See more of our coronavirus coverage, including community resources and personal stories.

TASCA: It's been a week since bars and restaurants have had to close their in-house operations.  What have you noticed on High Street in downtown Westerly over the last week?

CHOMOWICZ: For me, that's been a big deal because I stay open very late at night and get a lot of the crowds of people that are going to the restaurants nearby.  They'll be over at Perks (and Corks) listening to music and they'll see my lights on and come in.  So it's been really different for it to be so quiet at night.  

There's no parking problems in downtown Westerly.  It is very difficult to see just the emptiness.  I'm hopeful because people are expressing how much they want to be sure that our businesses stay open.  So I think they'll be back.  

TASCA: You mentioned there's optimism and hopefulness right now.  Do you think that feeling will persist if this shutdown is extended or even if the Governor orders a statewide shutdown in the future?

CHOMOWICZ: No.  None of us can stay closed that long.  I really miss Brian's business across the street and Colin's business across the street and Greg's business next door.  My hope is that businesses will be able to survive this.  Maybe it will require some landlords to offer discounts on rent because they don't want to see a lot of emptiness.  So we'll see.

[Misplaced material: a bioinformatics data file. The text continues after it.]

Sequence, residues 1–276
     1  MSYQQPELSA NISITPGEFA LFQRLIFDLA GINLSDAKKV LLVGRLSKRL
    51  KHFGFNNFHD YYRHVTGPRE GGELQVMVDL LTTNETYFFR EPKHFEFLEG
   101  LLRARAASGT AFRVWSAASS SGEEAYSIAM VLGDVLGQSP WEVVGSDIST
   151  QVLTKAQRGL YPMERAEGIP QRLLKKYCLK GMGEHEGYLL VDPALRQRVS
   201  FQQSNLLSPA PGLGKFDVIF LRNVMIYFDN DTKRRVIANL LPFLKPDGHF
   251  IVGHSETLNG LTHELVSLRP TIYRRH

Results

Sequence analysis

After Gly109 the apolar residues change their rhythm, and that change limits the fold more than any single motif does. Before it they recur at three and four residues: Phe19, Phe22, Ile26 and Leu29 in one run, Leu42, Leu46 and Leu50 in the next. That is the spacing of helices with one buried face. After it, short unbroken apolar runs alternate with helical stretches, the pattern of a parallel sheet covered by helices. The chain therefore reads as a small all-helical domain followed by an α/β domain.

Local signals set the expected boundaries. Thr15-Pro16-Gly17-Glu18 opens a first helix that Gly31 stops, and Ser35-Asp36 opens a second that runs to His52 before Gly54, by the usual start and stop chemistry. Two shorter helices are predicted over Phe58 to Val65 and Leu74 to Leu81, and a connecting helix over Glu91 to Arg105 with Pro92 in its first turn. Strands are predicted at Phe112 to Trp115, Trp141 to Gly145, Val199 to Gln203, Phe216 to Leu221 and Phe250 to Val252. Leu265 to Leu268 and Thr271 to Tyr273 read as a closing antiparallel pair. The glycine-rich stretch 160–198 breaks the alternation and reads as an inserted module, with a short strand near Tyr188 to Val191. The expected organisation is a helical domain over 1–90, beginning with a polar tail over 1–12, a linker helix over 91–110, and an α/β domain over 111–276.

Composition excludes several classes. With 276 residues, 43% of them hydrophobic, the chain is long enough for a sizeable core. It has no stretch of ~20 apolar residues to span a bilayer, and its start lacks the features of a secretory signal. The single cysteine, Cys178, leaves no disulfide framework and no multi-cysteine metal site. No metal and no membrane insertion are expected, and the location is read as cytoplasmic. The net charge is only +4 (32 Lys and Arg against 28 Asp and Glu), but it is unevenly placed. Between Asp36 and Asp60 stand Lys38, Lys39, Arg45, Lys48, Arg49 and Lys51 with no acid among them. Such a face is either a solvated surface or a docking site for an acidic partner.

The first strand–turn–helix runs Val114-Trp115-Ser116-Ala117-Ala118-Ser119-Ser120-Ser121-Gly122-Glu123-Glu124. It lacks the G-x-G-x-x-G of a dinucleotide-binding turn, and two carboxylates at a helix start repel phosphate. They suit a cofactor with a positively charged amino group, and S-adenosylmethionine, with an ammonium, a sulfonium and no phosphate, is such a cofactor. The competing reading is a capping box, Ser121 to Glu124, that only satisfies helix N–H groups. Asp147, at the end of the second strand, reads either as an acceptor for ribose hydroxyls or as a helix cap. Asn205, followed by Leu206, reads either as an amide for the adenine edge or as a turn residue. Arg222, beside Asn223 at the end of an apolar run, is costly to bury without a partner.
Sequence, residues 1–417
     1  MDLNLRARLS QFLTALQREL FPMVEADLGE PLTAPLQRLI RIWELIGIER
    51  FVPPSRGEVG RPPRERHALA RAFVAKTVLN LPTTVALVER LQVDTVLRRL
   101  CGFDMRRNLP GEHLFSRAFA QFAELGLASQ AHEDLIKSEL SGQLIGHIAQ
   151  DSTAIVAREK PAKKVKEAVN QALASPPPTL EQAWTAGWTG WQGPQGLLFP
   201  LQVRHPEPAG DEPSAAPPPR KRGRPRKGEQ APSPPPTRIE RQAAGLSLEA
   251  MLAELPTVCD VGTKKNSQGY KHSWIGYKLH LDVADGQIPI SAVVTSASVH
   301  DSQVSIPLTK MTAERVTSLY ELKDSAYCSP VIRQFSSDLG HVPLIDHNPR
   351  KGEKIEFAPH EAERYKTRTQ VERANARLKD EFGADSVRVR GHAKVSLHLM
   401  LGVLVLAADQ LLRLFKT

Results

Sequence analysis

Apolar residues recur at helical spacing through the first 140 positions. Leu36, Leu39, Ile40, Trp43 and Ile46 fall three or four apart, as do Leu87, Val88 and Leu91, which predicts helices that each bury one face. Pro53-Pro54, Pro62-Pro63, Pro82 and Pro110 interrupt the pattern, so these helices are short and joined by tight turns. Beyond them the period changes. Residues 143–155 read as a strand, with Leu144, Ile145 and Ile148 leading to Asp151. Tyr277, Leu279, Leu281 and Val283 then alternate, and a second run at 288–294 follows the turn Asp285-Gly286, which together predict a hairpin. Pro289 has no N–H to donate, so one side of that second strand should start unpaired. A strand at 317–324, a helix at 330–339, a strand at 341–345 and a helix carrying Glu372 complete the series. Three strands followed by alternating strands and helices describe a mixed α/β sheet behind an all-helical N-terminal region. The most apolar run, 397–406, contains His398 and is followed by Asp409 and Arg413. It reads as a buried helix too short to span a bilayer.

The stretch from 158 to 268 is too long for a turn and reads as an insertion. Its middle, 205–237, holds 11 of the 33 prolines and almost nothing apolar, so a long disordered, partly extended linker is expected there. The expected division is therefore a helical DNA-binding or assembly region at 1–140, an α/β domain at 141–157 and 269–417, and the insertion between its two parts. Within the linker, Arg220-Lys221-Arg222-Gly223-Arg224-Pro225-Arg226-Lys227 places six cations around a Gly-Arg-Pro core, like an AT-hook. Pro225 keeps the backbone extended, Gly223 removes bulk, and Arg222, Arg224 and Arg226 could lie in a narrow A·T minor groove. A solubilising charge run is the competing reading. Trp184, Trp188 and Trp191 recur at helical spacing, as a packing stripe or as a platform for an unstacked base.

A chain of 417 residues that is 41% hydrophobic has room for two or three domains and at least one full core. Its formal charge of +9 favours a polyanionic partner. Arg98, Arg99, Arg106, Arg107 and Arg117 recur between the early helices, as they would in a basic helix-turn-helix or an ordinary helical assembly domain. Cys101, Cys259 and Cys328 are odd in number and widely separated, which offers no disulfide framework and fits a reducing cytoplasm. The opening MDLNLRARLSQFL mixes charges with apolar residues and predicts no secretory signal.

I'm very blessed.  My spouse is working.  There is a paycheck coming in.  My concern is with the kids, especially kids whose parents don't have the means to really help them.  That's my concern.  There's where I get sad and disturbed by what's going on.  I've had the benefit of having somebody to take care of me when I was little.  Not everybody does.  

I don't know where, but I think I saw somewhere that when this is over, there may be only three retailers left: Walmart, Costco, and Amazon.  I've got to believe we wouldn't do that to ourselves.  Nobody wants to live in a town that's dead, where there's just nothing.  

Maybe not everybody fully appreciates how much local businesses contribute through the taxes and the giving that they do in the community.  I've got to believe we'll come out of it.  I'm hopeful.  

TASCA: Jill, thank you so much for taking the time.

CHOMOWICZ: You're welcome, Joe.  Thank you.

[If you have a story you'd like to tell about your experience coping with the coronavirus pandemic, you can email Joe Tasca at jtasca@thepublicsradio.org]